the butterfly effect

New World Order

‘Something as small as the flutter of a butterfly’s wing can ultimately cause a typhoon halfway round the world’.  And so, says chaos theory, emerging as it did from the study of weather in the 60’s & 70’s by the eminent mathematician and meteorologist, Edward Lorenz.

How ironic then that the stilling of a bat’s wing in a rural corner of Asia has triggered a chain of events that could prove to be the biggest and most important shift in mankind’s behaviour and one that just might help us to stop climate change in its tracks.

A third of the world is in lockdown and cities are stilled.  Our personal communities are shrunk to the size of our families.  Our work distilled to being key or not.  New values emerging, as the vital overtakes the desirable.

It feels like a film from the 70’s.  Living in a dystopian future.  But it’s happening now.

But will it last?  Will we simply go back to normal or will there be a new normal? What might a new normal look like?

After the AIDS crisis in the 80’s there was great progress made, but the AIDS crisis was preceded by a movement and desire in society to make huge strides with the LGBT community that then gathered pace fuelled by the urgent need to respond. The financial crash in 2008 was different.  The whole of society became the victims and we looked for someone to blame, in this case the banks. As a result, our emergence and recovery from that deep and dividing experience has been long and painful.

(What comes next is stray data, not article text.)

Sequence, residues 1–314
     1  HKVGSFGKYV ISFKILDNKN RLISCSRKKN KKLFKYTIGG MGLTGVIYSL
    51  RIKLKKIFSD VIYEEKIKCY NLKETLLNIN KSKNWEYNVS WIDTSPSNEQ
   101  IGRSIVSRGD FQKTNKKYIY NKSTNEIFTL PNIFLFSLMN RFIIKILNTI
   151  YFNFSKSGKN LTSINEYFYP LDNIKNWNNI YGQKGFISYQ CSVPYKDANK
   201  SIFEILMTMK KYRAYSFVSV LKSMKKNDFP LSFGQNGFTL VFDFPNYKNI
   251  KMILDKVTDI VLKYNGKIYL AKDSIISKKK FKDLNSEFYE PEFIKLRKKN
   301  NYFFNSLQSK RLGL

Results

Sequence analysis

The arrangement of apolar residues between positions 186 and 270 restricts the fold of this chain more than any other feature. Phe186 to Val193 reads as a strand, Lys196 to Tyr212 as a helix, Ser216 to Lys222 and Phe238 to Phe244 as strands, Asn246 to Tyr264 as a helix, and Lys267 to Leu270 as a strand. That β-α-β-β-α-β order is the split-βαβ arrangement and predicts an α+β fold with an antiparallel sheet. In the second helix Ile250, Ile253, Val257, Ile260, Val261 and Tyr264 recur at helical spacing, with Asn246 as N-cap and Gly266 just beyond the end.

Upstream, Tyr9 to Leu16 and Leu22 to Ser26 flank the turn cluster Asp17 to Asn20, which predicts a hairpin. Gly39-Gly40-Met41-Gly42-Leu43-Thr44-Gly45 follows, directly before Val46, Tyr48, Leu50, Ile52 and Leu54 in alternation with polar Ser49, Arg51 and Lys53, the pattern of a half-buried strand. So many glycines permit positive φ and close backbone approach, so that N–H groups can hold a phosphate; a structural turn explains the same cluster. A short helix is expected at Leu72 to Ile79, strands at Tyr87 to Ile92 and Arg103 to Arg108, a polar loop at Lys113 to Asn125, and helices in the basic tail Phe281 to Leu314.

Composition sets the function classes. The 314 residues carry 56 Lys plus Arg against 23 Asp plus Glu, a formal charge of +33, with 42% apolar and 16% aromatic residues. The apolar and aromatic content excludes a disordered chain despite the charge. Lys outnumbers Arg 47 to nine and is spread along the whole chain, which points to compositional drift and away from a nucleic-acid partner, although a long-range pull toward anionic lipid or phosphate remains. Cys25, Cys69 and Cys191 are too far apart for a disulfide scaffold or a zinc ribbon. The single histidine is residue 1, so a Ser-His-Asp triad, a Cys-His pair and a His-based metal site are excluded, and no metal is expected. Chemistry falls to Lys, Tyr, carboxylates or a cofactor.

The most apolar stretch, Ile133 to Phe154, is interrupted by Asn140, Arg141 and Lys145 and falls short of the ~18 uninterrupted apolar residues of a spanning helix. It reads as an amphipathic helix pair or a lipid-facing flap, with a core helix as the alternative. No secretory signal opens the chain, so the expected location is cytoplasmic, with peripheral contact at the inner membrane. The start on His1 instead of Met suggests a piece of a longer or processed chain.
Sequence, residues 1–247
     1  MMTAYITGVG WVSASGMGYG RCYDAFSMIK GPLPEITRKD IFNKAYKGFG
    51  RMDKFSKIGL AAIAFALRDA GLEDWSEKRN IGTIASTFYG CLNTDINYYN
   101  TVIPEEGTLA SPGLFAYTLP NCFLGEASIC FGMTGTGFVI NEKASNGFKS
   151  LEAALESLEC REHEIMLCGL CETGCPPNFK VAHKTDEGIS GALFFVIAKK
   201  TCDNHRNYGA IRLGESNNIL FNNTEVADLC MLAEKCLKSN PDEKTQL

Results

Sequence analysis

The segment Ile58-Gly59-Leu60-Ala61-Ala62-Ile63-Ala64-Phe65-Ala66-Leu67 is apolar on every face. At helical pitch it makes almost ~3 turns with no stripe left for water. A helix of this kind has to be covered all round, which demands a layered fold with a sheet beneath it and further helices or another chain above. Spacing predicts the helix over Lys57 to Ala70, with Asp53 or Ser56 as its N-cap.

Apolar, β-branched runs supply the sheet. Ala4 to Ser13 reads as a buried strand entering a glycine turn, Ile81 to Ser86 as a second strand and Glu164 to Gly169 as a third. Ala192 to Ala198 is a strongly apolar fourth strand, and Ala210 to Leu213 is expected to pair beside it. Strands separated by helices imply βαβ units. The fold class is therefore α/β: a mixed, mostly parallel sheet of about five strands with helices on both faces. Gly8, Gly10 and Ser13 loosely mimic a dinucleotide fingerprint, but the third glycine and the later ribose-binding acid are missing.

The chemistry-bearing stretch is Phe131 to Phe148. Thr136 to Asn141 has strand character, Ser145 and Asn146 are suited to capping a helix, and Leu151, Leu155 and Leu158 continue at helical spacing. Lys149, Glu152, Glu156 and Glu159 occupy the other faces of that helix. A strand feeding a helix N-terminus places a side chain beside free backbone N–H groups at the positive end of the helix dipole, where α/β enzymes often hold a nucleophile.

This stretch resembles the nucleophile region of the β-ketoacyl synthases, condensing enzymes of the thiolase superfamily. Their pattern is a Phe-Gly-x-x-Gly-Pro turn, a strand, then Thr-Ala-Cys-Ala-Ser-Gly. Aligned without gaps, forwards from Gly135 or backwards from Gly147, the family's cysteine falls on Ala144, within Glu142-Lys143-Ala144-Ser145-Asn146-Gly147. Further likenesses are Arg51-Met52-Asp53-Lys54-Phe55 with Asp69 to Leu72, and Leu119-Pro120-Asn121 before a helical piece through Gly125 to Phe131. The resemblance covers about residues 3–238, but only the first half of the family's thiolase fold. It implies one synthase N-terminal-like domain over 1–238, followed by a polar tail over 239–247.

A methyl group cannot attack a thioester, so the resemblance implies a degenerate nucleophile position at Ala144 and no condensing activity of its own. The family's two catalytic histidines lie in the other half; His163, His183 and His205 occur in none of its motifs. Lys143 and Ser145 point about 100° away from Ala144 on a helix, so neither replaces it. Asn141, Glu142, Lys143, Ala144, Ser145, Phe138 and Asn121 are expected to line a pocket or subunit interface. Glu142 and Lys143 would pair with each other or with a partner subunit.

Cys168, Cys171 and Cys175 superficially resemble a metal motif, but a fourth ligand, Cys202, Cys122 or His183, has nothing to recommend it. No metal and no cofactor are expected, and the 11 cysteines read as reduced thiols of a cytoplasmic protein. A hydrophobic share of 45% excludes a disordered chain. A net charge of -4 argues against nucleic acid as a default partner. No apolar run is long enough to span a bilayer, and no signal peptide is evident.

So, what about Climate Change?  We know that travel has a huge impact, we know that we can make choices and we are seeing quite dramatically how we can live alternative lives, value local communities and remain globally connected through a tech platform that seems to have been waiting for this moment to shine.

At the moment this is a huge social experiment but as we stumble back into the blinding daylight of reality what might normal look like?  What will we still need or desire?

Crowds and intimacy might feel different for a while, the need for the daily commute hard to fathom and the desperate urge to escape from here to get to a better there might not be quite so important.

And so travel patterns will change and with it, we should hope, a dramatic drop in CO2 emissions.  Because when we do travel it will be considered.  Giving thought to our impact and both the nodes and modes of travel that we choose.

The world has pressed a pause button and before we play again it is vital that policy makers and innovators make the most of it to really define the roadmap to meet and maybe even exceed the obligations we have to our planet and our society.

In time a new order will emerge. Where people make better, more sustainable travel choices. Travel Better.

Tony Evans